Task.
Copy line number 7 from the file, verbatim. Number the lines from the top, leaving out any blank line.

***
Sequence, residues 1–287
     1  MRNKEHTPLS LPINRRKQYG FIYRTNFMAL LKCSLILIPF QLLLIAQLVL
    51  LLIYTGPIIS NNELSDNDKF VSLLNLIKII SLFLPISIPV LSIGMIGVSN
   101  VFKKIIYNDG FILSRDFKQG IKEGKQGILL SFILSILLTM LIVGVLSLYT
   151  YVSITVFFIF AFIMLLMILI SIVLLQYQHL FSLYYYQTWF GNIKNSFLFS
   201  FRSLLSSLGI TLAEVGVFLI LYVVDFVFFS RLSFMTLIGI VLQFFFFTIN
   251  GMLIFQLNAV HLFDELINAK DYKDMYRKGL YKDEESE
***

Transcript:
   251  GMLIFQLNAV HLFDELINAK DYKDMYRKGL YKDEESE